Yet, a milestone approaches. Change or, well, whatever.
I have trouble when I invoke a voice to write encouraging polemics. One I wrote as a bad example was read to the crowd during an orgasm workshop, sending me into a long and extreme laughing jag. Recently a therapist asked who had sent me the polemic, not grasping that I was always stuck writing them for myself, which makes them almost more sad than empowering.
Still, I seem to need some kind of transcendent encouraging.
I have read your 1997 poem Look At Me/Don’t Look At Me. I know what you fear. From being targeted by your mother to being “too much for the room — too queer, too intense, too intellectual, too visceral, whatever” you have learned to play small, to stay invisible, to own your own voice by not having to satisfy the crowd.
What I want to tell you, though, is that over the decades you have cleaned and cleared your presence. Even though you vividly remember your missteps and blunders, they don’t define you. What defines you is your crystalline vision and your powerful voice, gracious and transcendent even when it illuminates what others want to keep hidden.
You have lived a deep life, discovering by exploring. Now is the time, though, to be the crone you were meant to be, the grand-mère who returns her gifts to those who are still seeking, those who can incorporate bits of your hard-earned wisdom into their own expression.
Be seen. Speak up. Shine. Now is the time, no matter how it inspires fear in others who would rather see you play small. Go on with a bang, not a whimper. The world needs more Callan, especially a Callan who can convince others to bring their smarts, their wit and their spirit out to be more beautifully themselves.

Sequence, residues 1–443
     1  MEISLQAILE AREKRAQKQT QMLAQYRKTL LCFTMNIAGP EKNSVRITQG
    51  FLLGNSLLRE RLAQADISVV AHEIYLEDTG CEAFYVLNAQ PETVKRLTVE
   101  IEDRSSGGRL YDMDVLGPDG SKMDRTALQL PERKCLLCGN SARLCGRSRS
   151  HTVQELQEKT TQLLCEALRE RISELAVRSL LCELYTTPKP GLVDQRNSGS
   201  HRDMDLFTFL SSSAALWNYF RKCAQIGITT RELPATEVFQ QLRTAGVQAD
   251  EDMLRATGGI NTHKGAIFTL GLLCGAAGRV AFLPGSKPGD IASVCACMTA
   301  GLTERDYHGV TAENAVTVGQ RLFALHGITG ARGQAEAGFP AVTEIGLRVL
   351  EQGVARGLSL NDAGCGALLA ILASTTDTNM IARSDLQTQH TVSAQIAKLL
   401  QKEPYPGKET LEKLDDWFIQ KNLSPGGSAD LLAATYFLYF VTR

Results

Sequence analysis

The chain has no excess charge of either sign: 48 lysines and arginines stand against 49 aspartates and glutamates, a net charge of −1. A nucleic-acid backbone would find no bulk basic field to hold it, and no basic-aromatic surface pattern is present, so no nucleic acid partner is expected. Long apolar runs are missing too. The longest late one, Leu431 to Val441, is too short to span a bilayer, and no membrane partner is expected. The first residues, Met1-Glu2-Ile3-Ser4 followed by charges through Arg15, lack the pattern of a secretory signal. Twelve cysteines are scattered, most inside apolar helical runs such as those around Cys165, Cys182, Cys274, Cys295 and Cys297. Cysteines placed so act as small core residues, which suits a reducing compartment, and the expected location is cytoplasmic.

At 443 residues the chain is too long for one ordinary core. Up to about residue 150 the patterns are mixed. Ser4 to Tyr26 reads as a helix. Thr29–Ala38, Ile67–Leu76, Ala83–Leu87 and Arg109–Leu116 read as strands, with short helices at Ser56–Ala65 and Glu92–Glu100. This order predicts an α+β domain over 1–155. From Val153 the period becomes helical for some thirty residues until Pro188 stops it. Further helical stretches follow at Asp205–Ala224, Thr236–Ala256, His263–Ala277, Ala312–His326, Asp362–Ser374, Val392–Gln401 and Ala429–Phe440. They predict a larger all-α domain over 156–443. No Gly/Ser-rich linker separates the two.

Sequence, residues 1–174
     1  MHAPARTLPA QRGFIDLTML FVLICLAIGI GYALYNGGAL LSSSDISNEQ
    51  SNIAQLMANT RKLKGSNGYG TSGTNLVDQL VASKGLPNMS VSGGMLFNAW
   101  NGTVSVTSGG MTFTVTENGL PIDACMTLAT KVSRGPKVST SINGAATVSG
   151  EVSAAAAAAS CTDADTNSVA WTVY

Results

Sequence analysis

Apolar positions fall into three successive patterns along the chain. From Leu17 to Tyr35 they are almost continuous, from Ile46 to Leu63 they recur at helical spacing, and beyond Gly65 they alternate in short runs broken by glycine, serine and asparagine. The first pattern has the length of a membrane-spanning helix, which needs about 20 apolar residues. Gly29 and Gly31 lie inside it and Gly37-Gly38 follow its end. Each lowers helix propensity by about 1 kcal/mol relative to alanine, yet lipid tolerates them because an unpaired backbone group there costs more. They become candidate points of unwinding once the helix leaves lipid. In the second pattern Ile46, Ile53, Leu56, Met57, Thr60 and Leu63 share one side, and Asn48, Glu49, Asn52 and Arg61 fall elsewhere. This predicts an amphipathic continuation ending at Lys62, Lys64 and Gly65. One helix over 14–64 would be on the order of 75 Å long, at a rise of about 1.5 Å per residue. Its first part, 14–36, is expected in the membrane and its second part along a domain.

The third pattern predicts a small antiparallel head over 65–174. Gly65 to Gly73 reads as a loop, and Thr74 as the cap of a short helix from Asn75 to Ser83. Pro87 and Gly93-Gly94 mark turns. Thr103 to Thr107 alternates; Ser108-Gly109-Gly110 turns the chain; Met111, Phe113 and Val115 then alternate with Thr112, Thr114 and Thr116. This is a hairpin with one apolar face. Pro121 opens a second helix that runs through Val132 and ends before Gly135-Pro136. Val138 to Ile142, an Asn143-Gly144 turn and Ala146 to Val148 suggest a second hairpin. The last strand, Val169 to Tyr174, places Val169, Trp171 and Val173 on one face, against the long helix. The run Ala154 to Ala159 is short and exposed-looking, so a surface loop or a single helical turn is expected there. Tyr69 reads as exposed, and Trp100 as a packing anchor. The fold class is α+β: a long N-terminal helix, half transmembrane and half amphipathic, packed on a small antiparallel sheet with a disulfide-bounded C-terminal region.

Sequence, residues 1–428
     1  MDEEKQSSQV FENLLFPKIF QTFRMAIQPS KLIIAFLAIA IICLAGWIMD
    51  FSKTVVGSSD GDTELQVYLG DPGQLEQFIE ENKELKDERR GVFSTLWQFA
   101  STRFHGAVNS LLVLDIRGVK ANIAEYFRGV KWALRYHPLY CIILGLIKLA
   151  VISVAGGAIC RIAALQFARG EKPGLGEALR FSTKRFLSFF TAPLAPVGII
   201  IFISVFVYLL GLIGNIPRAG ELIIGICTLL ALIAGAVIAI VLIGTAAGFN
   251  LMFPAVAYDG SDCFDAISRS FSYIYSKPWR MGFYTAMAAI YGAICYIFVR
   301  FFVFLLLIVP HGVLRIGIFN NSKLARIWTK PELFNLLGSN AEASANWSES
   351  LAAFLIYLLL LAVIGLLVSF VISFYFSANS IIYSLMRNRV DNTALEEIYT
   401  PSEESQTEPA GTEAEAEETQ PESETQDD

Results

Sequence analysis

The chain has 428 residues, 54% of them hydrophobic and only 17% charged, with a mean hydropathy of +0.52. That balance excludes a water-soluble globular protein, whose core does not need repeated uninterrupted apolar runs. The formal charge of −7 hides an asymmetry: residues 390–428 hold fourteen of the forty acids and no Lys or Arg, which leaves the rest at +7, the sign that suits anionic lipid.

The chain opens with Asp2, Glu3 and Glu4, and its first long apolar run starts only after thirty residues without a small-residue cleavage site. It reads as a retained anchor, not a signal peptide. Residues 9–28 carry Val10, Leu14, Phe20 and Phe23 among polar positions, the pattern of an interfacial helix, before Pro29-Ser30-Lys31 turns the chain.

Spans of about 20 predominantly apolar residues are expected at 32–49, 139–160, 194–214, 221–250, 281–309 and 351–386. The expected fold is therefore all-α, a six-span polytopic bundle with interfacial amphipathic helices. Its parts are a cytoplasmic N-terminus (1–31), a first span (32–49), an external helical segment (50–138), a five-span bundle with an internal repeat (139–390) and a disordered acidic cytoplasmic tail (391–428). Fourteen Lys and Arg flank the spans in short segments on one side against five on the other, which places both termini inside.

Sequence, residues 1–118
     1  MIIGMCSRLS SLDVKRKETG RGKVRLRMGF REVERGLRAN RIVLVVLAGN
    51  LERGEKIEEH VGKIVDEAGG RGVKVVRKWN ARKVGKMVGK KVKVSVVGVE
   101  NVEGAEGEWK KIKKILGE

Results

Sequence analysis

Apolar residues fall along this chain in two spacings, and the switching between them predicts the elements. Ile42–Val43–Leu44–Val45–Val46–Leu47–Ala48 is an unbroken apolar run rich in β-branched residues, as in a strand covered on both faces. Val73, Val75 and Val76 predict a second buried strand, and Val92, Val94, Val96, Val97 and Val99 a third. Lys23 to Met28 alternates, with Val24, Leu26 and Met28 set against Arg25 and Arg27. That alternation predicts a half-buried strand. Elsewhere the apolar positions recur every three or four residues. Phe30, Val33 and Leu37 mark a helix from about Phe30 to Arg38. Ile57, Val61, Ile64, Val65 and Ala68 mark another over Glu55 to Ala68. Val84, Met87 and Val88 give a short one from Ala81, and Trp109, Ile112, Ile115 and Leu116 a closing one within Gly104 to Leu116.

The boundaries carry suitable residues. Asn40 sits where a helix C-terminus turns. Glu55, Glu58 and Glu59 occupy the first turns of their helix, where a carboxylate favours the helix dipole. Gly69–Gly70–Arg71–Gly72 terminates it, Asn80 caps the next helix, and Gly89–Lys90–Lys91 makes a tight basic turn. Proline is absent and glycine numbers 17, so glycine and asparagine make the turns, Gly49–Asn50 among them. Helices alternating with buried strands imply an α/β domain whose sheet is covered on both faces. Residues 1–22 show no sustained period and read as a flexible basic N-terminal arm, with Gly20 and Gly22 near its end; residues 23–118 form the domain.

Change comes, if you want it to or not. The only way to make it better is to be bold and take ownership, breaking the rules to make new ways to be. When people see you, some will see you shine, but only if you own that brilliance rather than just flashing brightly and then falling back into the tiny darkness.
Show yourself and you will be seen. That will let people see you and your heart. And if they see a bit of what I know is there, well, I know they will be moved.
You are lovely, even if you don’t always see that when you look in the mirror. You are loveable not just in spite of who you are but because of who you are. Some people will see that and be able to respond. Let them find you. Let them love you.
Shine. It’s your time.
Or, at least, that’s what I would say to someone like me.
One thought on “Plundaga”
Callan, you have said this to someone very like you, and a great deal more over the years.
It’s been nearly twenty years since I first came across your writing. Then I was trying to work out whether or not to transition. I did – because I discovered that, even though I don’t pass, I’d much rather be mistaken for a man than mistaken for a woman. You told me it would be hard and lonely, and it was. I was the sole carer for my mother, who suffered from dementia.
Since then, I’ve been mostly unemployed and still live in the small village in Northern Ireland where I was born. I’m 63 now, feeling my age, and have often wondered who would be there to care for me when my time comes.
When my mother died six years ago, I joined a local writing group, and since then I have got a little work editing, proofreading, and ghostwriting, though not enough to make a living yet. But I have made a few good friends, and publish a small on-line local Arts magazine at corncrakemagazine.com
I am also now (for what it’s worth) Fermanagh’s champion slam poet. (BTW, if you’re not already a fan of Andrea Gibson, look them up on YouTube).
So this is just to say Thank You, and to send you a poem of mine that I should have sent four years ago, inspired by your post Into Abundance.
Inspired by these blog posts: